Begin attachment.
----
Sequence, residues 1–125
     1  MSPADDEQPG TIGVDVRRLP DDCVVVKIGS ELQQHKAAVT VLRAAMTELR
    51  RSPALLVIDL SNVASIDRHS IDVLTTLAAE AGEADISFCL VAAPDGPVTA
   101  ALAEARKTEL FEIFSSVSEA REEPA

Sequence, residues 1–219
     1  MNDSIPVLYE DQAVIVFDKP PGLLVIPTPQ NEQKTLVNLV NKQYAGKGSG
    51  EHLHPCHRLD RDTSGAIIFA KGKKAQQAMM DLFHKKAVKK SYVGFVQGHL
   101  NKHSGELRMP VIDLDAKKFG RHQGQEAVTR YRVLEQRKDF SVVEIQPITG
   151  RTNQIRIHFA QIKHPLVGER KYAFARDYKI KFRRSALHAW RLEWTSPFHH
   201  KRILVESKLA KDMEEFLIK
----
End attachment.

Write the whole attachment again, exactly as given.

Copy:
Sequence, residues 1–125
     1  MSPADDEQPG TIGVDVRRLP DDCVVVKIGS ELQQHKAAVT VLRAAMTELR
    51  RSPALLVIDL SNVASIDRHS IDVLTTLAAE AGEADISFCL VAAPDGPVTA
   101  ALAEARKTEL FEIFSSVSEA REEPA

Sequence, residues 1–219
     1  MNDSIPVLYE DQAVIVFDKP PGLLVIPTPQ NEQKTLVNLV NKQYAGKGSG
    51  EHLHPCHRLD RDTSGAIIFA KGKKAQQAMM DLFHKKAVKK SYVGFVQGHL
   101  NKHSGELRMP VIDLDAKKFG RHQGQEAVTR YRVLEQRKDF SVVEIQPITG
   151  RTNQIRIHFA QIKHPLVGER KYAFARDYKI KFRRSALHAW RLEWTSPFHH
   201  KRILVESKLA KDMEEFLIK